Syria's Muslim Brotherhood: There's No Extremism in Syria
Syria's Muslim Brotherhood sought on Monday to defuse fears that Islamist extremists were seizing Syrian territory, saying that a "united front" controlled land captured by the rebels.
"It is not true that extremists are in charge of liberated lands," the Muslim Brotherhood’s leader, Mohammad Riad Shakfa, was quoted by AFP as having said at a press conference in Istanbul.
"The land ... belongs to a united front of the opposition," he said.
Speaking in Arabic, Shakfa added, "As far as I know, there is no extremism in Syria."
His comments came days after the jihadist Al-Nusra Front, one of the fiercest forces battling the Syrian regime, pledged allegiance to Al-Qaeda, sounding alarm bells in the West and triggering concerns among the main opposition group, the Syrian National Coalition (SNC).
The announcement followed a message from Al-Qaeda leader Ayman al-Zawahiri urging rebels to fight to establish an Islamic state in Syria, and was received with caution by the mainstream rebel Free Syrian Army.
Western powers have been cautious in how they aid the opposition amid fears they could bolster Islamist extremists.
The powerful Muslim Brotherhood also denied it controlled the SNC, saying such claims were "manufactured" by Syrian President Bashar al-Assad as part of a "defamation campaign."
"What we are up against is a campaign to defame us," Shakfa said. "We make up less than 10 percent of the SNC and we have never influenced its decisions," he added.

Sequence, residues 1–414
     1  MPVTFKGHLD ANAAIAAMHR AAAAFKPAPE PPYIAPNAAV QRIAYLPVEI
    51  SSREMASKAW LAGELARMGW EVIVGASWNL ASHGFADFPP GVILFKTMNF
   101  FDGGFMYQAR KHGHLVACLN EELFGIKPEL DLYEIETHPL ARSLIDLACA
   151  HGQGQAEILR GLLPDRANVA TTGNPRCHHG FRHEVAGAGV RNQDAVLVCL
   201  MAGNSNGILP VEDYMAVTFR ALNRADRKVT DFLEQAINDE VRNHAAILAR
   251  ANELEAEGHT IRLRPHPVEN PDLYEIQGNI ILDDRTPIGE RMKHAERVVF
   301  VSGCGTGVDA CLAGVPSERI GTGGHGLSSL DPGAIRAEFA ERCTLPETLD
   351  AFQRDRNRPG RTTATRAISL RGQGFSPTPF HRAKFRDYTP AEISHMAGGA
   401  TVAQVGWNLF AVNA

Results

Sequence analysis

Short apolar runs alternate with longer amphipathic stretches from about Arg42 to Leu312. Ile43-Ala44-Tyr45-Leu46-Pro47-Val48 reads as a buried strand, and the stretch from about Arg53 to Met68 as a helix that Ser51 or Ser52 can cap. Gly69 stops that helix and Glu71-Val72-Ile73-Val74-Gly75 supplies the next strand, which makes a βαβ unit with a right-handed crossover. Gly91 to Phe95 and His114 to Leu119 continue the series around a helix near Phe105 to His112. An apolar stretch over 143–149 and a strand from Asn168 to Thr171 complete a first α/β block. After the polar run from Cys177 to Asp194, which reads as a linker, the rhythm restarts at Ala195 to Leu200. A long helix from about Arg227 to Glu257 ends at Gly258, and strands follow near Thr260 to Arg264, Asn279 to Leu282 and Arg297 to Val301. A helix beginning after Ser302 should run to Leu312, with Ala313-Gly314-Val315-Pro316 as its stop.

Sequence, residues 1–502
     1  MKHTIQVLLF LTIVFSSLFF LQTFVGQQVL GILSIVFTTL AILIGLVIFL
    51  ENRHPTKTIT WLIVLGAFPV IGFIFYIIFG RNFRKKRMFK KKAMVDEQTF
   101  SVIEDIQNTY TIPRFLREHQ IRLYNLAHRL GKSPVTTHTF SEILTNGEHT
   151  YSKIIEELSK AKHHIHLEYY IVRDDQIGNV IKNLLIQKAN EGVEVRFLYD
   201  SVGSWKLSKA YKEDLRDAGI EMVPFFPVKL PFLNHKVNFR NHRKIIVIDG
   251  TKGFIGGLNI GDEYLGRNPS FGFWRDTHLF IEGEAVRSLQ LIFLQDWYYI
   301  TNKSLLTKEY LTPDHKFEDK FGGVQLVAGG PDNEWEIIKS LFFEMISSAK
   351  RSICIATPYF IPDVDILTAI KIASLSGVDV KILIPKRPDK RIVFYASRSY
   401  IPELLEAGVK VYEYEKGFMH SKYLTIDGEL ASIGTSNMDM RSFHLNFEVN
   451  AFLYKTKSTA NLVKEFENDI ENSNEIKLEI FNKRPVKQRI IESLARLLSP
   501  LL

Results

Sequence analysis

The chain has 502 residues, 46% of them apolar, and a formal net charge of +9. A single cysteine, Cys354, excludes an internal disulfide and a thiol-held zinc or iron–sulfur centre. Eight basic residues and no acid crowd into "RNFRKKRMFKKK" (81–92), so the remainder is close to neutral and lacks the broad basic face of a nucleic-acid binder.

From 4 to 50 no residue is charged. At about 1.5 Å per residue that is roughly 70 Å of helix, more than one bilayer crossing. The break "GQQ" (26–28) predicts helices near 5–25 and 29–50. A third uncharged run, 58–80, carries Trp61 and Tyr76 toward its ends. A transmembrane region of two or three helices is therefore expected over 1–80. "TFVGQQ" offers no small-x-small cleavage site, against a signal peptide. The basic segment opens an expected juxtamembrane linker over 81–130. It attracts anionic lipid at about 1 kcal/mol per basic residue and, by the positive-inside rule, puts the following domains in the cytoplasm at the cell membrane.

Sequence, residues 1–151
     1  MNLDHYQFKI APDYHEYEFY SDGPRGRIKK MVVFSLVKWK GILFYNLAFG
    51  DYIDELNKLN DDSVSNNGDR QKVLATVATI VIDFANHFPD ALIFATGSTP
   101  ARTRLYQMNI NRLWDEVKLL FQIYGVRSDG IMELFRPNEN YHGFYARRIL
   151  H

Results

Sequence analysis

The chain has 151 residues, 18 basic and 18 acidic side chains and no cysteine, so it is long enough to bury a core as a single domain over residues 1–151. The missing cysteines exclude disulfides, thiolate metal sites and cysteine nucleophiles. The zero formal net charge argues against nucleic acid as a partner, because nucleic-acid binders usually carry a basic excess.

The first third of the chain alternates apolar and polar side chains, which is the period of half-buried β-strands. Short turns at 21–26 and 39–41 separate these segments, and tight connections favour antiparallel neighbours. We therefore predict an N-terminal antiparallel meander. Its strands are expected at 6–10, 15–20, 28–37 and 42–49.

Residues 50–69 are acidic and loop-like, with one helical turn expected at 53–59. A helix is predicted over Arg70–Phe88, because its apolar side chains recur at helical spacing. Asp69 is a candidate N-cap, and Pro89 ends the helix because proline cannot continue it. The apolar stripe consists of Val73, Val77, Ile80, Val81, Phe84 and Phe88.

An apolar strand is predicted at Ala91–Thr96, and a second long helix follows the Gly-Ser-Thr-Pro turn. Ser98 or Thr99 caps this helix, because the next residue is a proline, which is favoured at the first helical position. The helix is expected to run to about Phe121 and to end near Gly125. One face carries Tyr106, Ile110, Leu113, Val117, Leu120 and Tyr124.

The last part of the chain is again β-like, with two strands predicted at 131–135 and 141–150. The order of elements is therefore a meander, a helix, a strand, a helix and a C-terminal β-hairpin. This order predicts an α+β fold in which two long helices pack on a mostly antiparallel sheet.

Shakfa was particularly referring to the election of Syria's rebel prime minister Ghassan al-Hitto last month in a majority vote that had exposed rifts in the SNC.
"They claim Mr. Hitto was elected because he is our representative... We didn't even know him before he was elected," he said.
The Brotherhood, a strong Islamist component of the fragmented Syrian opposition, supported Hitto because he was "more in tune with the wish of the majority," according to Shakfa.
On Sunday, the SNC said Al-Nusra's alleged merger with al-Qaeda would "only serve the goals of the Assad regime," and called on the group "to stay within the ranks of the nationalistic Syrians."
Al-Nusra is one of 13 factions in the radical Islamist rebel council that announced its secession from the main opposition force and declared its own Islamic state in Aleppo.